Where Is The Midwest? Ctd

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A reader writes:

This is an eternal argument, man.  Is Oklahoma in the Midwest, or is it a Southern state, or maybe Southwestern? The answer is: it depends on what part of Oklahoma you’re talking about.  Oklahoma is at a crossroads in this country, in a number of ways.  If you’re from Ponca City, not far from Wichita, that’s pretty heavily Midwest.  If you’re from Idabel, down in the southwestern corner, you probably have more in common with Louisianans than you do with Iowans.  If you’re from Gage, out in the panhandle, you’re within spitting distance of New Mexico and Colorado.  And folks down by Lake Texoma … well.

And it’s not just cultural; it’s geographic, as well.  I was just the other day messing around with a map of North American biomes.  To illustrate a point to a friend, I overlaid a US map with state outlines over this map [see above]. Sorry, my bastardized version is on my home computer, but I figure you can tell pretty clearly that the big crossroads right in the middle is, in fact, right in the middle of Oklahoma. There are, like, ten colors on the map that fall within the Oklahoma state line. So, yeah, we’re a little bit of everything; we can provide you with just about anything except for tundra and oceanfront property (to my everlasting sorrow).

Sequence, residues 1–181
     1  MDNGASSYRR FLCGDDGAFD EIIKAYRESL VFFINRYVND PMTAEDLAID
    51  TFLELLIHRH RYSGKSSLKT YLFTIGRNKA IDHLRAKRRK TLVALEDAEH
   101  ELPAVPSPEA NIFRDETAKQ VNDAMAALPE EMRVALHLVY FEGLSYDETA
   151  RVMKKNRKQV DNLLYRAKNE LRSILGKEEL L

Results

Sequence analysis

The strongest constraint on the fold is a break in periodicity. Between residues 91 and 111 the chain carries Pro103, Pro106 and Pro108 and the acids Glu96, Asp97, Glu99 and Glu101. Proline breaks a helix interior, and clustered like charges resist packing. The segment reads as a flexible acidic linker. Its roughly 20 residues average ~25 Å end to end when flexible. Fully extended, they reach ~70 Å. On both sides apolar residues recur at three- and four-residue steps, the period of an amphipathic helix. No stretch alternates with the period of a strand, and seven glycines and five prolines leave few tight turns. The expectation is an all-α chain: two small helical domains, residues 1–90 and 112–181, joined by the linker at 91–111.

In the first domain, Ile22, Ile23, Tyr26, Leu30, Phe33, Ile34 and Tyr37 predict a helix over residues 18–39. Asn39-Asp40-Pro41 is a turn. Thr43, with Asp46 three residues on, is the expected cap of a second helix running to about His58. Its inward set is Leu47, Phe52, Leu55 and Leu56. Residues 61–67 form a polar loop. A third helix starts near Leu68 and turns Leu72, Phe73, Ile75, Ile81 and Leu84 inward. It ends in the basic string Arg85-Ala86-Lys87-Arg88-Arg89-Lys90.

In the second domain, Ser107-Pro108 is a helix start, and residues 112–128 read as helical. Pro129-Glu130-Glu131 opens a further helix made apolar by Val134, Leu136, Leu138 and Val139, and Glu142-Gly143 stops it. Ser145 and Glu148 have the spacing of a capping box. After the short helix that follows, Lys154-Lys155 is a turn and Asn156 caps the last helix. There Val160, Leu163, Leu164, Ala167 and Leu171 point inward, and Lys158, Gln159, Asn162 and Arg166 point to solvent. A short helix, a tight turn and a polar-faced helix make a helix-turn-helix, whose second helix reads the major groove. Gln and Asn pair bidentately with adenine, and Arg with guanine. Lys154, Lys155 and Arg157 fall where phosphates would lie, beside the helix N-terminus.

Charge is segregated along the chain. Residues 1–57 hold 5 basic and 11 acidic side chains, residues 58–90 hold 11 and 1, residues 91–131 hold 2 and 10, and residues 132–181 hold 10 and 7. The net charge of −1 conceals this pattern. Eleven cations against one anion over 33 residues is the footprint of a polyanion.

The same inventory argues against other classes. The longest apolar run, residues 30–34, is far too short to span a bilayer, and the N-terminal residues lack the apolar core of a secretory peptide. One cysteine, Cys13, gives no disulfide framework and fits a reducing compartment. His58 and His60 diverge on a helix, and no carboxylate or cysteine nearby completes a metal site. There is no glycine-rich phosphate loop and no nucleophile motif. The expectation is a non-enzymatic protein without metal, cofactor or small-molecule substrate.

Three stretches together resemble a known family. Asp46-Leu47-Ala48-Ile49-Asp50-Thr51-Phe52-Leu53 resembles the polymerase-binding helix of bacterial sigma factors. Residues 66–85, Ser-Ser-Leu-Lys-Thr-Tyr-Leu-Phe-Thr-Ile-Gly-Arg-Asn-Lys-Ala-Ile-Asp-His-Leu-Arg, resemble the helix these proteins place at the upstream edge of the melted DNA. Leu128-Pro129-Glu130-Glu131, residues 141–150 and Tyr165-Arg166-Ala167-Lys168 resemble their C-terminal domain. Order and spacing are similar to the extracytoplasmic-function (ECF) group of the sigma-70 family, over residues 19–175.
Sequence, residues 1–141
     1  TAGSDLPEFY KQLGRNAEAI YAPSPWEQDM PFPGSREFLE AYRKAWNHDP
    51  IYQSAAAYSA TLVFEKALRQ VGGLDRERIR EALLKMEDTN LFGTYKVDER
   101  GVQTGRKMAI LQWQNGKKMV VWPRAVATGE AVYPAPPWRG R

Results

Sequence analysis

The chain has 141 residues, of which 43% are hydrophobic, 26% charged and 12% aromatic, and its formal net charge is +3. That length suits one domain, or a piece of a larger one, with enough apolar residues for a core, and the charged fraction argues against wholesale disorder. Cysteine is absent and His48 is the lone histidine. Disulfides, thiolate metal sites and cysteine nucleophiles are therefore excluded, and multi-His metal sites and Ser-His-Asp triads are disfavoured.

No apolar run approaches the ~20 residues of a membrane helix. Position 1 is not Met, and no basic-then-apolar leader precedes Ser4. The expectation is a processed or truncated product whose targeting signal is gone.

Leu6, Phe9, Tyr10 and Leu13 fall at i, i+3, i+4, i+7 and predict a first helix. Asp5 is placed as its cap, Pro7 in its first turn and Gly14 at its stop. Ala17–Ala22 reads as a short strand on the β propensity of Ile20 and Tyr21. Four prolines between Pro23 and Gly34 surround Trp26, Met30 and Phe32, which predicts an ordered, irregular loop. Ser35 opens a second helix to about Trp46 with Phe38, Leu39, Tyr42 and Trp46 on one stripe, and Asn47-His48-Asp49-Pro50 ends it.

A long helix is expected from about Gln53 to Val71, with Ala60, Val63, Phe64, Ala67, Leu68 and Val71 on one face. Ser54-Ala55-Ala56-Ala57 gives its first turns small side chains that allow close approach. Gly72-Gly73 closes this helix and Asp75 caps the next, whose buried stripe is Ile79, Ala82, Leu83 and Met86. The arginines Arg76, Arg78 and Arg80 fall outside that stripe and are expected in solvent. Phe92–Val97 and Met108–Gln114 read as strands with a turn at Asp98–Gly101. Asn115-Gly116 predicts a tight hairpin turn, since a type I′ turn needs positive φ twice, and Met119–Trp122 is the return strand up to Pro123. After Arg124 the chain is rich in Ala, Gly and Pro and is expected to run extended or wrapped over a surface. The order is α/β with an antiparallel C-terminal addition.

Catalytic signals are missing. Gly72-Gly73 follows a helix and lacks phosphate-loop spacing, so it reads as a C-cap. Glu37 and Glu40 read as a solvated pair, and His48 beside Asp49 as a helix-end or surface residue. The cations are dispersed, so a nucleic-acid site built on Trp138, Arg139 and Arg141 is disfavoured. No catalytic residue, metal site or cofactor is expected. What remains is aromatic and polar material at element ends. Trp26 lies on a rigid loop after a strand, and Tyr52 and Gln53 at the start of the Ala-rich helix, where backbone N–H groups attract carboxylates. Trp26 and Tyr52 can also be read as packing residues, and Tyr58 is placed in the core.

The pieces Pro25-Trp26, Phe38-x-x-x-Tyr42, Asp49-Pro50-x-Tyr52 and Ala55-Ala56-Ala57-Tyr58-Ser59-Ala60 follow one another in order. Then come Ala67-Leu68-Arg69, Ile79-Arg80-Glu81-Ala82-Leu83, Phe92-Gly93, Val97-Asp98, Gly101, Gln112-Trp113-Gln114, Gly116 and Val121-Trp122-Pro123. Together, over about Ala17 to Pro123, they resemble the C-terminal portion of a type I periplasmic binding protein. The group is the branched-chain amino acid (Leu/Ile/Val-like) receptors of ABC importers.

Another reader:

My favorite definition of the Midwesterner:

If you call a carbonated beverage pop or soda pop, you are from the Midwest. Hence, Pittsburgh is in the Midwest. Being about a 7+ hour drive from the Atlantic Ocean, Pittsburgh should not be called an East Coast city. A related definition: If you call all carbonated beverages Coke, you are from the South.


I’ll proffer the great Pop vs Soda map (the one by county is almost older than the Internet, but I think still the best). According to these maps, the dividing line between pop and soda country runs between Syracuse and Rochester. So Syracuse is in the east and Rochester in the Midwest. Of course, while it seems to get the outside boundaries pretty well (other than the western boundary), Saint Louis and eastern Wisconsin call fizzy drinks “sodas” unlike the rest of their midwestern brethren. Tulsa, which is in pretty-southern Oklahoma, must be midwestern (pop) while Indianapolis, in very-Midwestern Indiana, calls it Coke. So it must be in the South.